As explained in this earlier post, last year Foundation CEO Paul Weinhold asked the Lane County Circuit Court to modify the terms of Ross’s bequest so as to take spending authority away from the faculty and give it to the dean of the College of Design (CoD), and expand the purposes of the fund to general research support for the department – of which the new Dean happens to be a member. I’ve received some additional public records on this, posted below.

First, let me explain how the UO Foundation works. (The amounts have changed a bit over time, but this is the gist). They take 5% off the top of endowment gifts to the University and then another 1% of the principle each year for their administrative expenses (additional amounts are subtracted annually by their investment partners). They allocate 4% per year of the Fund to be spent for the purposes of the gift each year. Their investment returns average about 7% per year, and the excess above the 4%+1% goes back into the gift fund, on the idea that this will keep it and the payouts growing somewhere close to the rate of inflation. The 4% payout is a bit conservative, but common. The UO Foundation’s fees, on the other hand, are arguably steep – some other university foundations just charge 1% per year, and others charge 10% up front, with no annual fees, which works out to far, far less over time.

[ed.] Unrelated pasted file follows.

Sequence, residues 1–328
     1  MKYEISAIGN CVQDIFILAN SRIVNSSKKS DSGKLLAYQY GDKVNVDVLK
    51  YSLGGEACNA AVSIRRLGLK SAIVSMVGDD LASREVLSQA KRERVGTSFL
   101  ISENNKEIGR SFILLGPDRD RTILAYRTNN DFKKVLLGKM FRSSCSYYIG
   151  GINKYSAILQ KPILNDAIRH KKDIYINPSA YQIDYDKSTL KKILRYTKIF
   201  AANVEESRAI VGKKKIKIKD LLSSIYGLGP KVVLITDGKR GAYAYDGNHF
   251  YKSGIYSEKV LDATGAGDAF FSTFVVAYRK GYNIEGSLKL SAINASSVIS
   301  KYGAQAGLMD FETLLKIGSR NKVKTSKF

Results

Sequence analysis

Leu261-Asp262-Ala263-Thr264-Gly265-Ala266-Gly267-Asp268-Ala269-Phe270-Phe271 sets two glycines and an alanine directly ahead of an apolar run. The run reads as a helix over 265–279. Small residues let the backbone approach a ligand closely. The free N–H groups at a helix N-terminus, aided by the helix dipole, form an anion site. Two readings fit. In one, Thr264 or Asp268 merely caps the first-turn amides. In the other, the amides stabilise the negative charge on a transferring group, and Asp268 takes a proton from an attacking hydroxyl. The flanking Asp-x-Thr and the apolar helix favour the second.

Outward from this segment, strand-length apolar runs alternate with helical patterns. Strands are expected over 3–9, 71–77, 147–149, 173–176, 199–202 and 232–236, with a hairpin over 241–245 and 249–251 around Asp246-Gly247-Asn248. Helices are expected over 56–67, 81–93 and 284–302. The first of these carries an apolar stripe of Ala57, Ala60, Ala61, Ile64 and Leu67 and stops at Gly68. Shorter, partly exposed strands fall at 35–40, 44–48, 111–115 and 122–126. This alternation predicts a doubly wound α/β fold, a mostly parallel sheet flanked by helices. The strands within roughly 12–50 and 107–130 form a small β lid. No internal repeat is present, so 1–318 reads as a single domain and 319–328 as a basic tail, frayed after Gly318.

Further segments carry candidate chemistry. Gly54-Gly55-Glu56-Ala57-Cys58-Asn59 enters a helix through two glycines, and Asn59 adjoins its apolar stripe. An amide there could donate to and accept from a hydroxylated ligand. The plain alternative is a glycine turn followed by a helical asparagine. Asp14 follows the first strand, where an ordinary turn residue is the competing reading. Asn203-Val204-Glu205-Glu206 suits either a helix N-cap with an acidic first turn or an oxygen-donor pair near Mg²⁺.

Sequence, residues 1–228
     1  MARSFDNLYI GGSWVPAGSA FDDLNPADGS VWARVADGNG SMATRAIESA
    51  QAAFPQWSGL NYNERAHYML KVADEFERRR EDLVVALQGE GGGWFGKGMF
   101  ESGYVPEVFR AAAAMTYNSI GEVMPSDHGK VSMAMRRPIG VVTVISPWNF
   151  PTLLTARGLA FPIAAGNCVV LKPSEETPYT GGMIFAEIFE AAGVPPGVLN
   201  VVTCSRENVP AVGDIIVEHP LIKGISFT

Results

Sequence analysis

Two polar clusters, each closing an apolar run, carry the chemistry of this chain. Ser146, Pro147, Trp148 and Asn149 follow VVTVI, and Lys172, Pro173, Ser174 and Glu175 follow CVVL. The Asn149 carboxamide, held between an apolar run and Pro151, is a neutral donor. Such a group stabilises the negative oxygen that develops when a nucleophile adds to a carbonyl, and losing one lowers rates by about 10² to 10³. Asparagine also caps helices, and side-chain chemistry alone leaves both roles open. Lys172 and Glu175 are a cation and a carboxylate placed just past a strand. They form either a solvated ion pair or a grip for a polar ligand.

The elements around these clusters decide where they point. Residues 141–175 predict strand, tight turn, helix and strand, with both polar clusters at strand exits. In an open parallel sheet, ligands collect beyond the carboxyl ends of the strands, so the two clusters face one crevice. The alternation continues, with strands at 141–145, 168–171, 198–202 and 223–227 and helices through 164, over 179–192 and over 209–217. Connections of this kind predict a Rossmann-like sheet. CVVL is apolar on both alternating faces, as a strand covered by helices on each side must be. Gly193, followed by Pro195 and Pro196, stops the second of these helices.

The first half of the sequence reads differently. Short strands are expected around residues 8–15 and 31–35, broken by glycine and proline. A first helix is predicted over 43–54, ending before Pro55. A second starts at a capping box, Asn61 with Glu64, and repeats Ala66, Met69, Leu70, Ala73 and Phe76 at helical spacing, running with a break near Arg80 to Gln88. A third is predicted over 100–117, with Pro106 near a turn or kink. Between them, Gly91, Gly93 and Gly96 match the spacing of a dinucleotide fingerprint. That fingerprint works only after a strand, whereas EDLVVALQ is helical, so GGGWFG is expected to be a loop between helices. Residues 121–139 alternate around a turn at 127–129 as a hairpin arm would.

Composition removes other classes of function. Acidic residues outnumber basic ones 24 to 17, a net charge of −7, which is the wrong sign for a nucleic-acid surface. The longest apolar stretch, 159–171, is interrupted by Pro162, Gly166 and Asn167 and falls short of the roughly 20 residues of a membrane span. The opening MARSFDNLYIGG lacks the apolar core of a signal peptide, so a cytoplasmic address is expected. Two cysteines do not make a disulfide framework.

For the Ross Fund, a back of the envelope calculation would be that the Foundation has earned $535K in fees since they established the fund in 1992: $60K up front, and another $435K from the annual 1% over 25 years, for an endowment which has now grown to about $2.4M. It now yields about $92K a year in spendable money for HA&A, and another $24K for the UO Foundation’s expenses, such as:

(That’s the IRS data for 2014-15 AY salaries, the Foundation will not release more recent numbers, but I’m sure none of their cut was wasted on books.)

Given that money from the Ross Fund and other donors pays the salary of Paul Weinhold, the bills of their lawyers, and the Foundation’s many other costs, you might expect them to be solicitous of the wishes of its donors and their representatives. Or at least not to abuse UO’s previous donors, so as not to discourage future donations.

You be the judge. Here is the letter the Foundation sent Thomas Price, Marion Ross’s only surviving trustee: We’re going to repurpose his money, and if you don’t like it get a lawyer:

She already knew Price didn’t like it:

But apparently he wasn’t willing to fight the Foundation’s lawyers – who, ironically, were being paid with Marion Ross’s money. So the Foundation got what it wanted.

Is this what the department wanted? It’s not clear if they were even told the whole truth. Here’s the only thing they voted on, at their Feb 8 2017 meeting:

 

I don’t see anything in that motion that comes close to approving the decision to ask the Judge to give the CoD Dean authority to spend the funds “at the discretion of the dean” for the department’s purposes. And note that the new dean is HA&A faculty, with a “Slow Lab” that he directs, and which presumably could use some funds – and he now controls some funds.